Tutoring programs: a good thing
A number of churches in our city hold after-school tutorial
programs in their church buildings for public school students.
Is there any First Amendment problem if the school district works
with the churches to coordinate the tutorials with the work the
students are learning in school? For example, is it constitutional
to send school officials to the churches to discuss with tutors
how to make best use of their program? Robert Crouch,
The cooperation you describe between public schools and religious
communities is not only constitutional — it is a very good idea.
Schools should do as much as possible to involve the larger community,
including business, religious, and civic organizations, in support
of public education.
Tutorial programs in churches are excellent examples of how religious
groups and schools can work together toward the shared goal of
helping students succeed. Under the First Amendment, public schools
could not, of course, pay religious communities for tutors. But
schools can cooperate with churches and other religious groups
to help coordinate the academic needs of the students with the
work of the tutors.
Cooperation can take many forms. In Broken Arrow, Okla., for
example, the school district has a program called “In Touch”
that establishes regular communication between the schools and
the religious communities of the city. Under this program, a
religious group may request that a school administrator be assigned
to keep in touch with it on a regular basis.
Broken Arrow Superintendent Jerry Hill reports that these lines
of communication greatly benefit the school district by giving
schools an opportunity to let the religious communities know accurately
and directly what is going on in the schools. Religious groups
are pleased because they hear about school-district activities
first-hand, and are able to communicate questions and concerns.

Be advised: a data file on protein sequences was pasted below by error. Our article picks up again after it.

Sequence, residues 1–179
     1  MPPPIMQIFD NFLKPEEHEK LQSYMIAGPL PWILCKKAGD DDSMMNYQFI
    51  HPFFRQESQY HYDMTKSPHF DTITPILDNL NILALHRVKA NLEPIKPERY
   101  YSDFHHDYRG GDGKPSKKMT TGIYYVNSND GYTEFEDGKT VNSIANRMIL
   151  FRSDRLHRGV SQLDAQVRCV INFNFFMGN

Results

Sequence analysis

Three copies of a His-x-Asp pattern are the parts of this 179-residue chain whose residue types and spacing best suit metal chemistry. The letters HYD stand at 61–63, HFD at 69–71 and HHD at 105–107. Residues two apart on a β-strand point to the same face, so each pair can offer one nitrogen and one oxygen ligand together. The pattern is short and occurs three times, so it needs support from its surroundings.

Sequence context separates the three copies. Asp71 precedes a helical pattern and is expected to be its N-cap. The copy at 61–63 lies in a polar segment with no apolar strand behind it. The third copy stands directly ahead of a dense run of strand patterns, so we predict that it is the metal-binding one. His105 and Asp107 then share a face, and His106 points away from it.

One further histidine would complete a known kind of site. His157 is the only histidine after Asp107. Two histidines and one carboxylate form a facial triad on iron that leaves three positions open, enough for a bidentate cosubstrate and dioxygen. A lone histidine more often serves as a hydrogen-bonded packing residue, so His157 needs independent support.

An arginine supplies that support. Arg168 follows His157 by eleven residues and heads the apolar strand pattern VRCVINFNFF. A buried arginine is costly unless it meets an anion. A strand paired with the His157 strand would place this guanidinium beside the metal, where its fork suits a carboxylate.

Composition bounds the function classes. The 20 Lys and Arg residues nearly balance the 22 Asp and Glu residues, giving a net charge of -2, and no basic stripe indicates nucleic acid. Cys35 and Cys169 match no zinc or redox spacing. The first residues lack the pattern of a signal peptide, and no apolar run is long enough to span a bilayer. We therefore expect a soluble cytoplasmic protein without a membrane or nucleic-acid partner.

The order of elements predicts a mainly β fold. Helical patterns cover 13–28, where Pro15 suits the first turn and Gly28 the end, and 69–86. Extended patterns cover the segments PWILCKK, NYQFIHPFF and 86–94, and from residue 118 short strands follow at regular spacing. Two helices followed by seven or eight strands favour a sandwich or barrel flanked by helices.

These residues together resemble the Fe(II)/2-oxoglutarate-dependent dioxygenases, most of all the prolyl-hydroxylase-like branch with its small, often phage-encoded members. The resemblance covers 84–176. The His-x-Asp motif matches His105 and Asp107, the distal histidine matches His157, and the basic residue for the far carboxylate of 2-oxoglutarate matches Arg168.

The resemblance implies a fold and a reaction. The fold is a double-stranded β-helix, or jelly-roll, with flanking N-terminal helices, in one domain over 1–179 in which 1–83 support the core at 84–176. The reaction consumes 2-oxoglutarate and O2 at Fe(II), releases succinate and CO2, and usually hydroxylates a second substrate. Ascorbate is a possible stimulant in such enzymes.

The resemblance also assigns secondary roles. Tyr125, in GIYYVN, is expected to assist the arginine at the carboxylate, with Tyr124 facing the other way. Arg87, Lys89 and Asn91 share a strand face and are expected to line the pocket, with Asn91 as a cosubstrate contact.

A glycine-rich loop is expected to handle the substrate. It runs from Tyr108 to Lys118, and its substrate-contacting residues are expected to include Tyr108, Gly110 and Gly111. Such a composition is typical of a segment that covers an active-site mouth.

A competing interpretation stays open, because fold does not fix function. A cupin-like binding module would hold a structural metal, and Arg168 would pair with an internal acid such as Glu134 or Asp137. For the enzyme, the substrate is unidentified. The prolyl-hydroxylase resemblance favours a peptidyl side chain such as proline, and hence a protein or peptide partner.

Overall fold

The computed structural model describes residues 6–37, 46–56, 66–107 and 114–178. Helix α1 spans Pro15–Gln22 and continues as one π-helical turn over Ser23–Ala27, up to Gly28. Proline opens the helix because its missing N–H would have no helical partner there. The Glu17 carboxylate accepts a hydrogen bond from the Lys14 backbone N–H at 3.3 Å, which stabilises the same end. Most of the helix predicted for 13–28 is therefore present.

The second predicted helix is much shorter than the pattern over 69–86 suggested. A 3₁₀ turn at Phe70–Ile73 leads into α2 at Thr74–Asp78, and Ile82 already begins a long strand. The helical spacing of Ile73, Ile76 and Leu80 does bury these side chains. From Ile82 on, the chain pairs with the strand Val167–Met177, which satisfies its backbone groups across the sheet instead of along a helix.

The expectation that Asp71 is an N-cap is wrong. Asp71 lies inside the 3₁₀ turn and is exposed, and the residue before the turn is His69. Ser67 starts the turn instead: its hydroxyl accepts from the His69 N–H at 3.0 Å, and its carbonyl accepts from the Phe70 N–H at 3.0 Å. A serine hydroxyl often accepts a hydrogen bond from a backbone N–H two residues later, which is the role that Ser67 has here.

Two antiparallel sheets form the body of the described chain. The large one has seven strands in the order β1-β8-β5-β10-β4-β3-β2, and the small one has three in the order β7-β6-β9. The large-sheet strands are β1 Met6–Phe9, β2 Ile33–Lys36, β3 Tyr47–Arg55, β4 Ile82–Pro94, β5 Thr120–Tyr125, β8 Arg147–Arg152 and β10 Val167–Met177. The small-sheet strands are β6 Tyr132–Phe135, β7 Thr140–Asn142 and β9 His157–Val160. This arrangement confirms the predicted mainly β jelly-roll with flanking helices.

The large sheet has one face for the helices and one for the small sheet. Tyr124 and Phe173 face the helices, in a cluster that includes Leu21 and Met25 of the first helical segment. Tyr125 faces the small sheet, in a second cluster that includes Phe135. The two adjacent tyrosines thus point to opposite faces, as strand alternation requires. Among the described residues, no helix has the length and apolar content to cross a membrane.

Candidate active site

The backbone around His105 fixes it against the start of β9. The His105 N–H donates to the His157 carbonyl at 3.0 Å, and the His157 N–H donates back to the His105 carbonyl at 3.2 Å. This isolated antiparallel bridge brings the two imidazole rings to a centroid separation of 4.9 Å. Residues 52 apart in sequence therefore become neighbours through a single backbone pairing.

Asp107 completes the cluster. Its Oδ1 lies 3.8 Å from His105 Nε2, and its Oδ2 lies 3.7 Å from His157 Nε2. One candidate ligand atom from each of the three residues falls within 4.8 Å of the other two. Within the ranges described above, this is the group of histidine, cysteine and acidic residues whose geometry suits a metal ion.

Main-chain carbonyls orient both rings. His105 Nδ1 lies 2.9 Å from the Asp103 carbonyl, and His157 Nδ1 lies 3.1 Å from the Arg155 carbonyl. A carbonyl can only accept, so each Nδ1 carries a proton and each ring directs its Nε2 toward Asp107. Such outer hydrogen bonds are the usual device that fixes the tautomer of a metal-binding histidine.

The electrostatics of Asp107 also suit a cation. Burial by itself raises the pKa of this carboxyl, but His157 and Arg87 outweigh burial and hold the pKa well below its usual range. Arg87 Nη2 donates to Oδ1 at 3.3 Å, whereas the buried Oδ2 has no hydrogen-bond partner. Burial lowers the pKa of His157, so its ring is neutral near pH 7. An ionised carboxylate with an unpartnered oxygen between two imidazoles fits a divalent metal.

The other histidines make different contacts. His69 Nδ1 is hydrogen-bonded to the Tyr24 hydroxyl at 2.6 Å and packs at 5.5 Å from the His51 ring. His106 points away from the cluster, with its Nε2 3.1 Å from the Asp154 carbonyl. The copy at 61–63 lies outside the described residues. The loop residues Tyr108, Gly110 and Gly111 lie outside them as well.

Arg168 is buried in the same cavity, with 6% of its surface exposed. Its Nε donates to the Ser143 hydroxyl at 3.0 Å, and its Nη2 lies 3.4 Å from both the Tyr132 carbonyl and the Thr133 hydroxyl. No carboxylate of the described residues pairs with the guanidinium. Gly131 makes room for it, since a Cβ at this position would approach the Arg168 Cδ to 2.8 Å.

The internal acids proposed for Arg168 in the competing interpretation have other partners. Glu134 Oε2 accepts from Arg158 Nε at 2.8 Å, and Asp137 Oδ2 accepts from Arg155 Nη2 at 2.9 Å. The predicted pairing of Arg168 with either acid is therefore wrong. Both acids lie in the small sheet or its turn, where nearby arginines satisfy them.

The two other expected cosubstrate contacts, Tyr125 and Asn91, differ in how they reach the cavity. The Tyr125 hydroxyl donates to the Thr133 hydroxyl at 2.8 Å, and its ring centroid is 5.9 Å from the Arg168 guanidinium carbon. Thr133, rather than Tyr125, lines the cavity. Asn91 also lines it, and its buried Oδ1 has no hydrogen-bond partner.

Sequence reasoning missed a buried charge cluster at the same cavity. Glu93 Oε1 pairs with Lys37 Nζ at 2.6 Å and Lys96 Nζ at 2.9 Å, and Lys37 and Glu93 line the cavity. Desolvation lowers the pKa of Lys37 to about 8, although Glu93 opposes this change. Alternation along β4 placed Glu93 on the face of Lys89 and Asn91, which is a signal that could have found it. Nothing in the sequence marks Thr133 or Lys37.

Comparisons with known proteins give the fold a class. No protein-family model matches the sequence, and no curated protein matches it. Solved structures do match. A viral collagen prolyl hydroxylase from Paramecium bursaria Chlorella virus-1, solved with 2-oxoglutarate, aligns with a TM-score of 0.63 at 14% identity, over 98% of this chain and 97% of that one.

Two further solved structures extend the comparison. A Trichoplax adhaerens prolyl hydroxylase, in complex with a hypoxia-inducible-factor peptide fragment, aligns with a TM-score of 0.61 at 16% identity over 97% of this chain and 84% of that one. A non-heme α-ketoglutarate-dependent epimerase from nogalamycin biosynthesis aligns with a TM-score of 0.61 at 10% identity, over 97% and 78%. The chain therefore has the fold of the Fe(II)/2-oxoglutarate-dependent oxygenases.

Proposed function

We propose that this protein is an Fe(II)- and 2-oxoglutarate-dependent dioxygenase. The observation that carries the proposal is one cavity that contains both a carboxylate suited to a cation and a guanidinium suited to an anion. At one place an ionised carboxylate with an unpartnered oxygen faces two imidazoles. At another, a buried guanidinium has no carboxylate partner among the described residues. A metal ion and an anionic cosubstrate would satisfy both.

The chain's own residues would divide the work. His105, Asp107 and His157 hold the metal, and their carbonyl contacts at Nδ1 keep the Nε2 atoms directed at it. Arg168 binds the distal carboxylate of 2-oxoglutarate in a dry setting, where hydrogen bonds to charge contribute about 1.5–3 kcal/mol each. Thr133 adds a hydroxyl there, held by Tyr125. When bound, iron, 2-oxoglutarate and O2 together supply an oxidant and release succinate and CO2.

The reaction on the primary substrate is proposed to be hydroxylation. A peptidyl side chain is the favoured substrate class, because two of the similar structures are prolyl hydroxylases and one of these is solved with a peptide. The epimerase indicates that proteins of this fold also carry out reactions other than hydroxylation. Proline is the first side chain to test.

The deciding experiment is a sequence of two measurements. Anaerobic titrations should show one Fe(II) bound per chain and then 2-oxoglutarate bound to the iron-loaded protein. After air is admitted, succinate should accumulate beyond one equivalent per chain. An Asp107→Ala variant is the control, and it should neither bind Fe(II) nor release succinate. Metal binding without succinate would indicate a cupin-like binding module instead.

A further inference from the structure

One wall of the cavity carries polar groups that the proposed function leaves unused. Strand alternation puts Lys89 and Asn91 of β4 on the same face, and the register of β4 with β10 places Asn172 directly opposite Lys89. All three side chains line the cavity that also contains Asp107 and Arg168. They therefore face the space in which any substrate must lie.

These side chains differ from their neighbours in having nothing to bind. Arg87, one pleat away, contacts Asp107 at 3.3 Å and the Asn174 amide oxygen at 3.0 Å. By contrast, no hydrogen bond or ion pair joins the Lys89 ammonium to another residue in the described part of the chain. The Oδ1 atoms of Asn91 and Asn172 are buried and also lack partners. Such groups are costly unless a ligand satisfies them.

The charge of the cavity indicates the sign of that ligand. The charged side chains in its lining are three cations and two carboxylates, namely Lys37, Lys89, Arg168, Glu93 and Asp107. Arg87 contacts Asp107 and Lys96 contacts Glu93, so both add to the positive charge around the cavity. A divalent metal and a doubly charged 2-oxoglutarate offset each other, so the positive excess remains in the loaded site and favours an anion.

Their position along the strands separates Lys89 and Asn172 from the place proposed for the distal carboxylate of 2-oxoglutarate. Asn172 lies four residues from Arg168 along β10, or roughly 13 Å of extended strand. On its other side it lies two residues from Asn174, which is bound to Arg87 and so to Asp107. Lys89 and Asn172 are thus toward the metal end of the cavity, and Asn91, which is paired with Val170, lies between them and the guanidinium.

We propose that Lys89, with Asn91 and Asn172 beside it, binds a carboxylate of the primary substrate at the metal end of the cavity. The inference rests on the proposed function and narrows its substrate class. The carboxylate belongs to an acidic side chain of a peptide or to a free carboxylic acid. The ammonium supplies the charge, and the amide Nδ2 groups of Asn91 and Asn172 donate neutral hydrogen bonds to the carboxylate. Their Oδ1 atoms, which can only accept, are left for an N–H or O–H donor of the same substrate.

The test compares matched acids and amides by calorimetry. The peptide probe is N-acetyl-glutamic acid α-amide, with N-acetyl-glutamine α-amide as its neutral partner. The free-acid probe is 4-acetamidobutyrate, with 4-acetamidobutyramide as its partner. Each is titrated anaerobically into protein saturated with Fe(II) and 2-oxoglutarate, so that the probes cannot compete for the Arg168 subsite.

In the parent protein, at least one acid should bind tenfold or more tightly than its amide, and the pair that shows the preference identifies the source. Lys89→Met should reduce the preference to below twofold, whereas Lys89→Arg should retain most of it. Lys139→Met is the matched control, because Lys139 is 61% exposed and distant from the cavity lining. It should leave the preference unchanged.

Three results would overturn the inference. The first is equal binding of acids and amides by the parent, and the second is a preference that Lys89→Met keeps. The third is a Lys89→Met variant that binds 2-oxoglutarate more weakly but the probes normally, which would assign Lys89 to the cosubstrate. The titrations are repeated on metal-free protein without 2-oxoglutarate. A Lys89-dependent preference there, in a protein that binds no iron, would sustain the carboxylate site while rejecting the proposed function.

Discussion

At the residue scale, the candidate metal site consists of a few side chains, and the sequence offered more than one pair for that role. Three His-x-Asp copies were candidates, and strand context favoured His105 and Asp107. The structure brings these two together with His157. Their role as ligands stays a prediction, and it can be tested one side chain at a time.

Other school districts make sure that religious communities are
well-represented on various committees. This is particularly
important when the district is working in such areas as character
education, religious-liberty policies, or sex education. In Dallas,
for example, the Religious Community Task Force, whose members
came from many faith groups, put together an extensive guide for
teachers and administrators that outlines the religious practices
and holidays of students in the district.
Another form of cooperation in some school districts is “released
time.” Under this arrangement, students are released for
off-campus religious instruction during the school day. The U.S.
Supreme Court has ruled such programs constitutional. In an opinion
written by Justice William O. Douglas, the Court stated: “When
the state encourages religious instruction or cooperates with
religious authorities by adjusting the schedule of public events
to accommodate sectarian needs, it follows the best of our traditions.”
School districts do not have to allow released time, but they
may do so. While the school may set the day and time for such
programs, recruitment, transportation, attendance and other logistics
are the responsibility of the participating religious groups.
Parents must give permission for students to participate.
Public schools belong to all citizens. The success of public
education depends on the trust and support of all sectors of the
community, including the churches, synagogues, mosques, and other
religious institutions. Cooperation and communication are key
ways to build and sustain that support.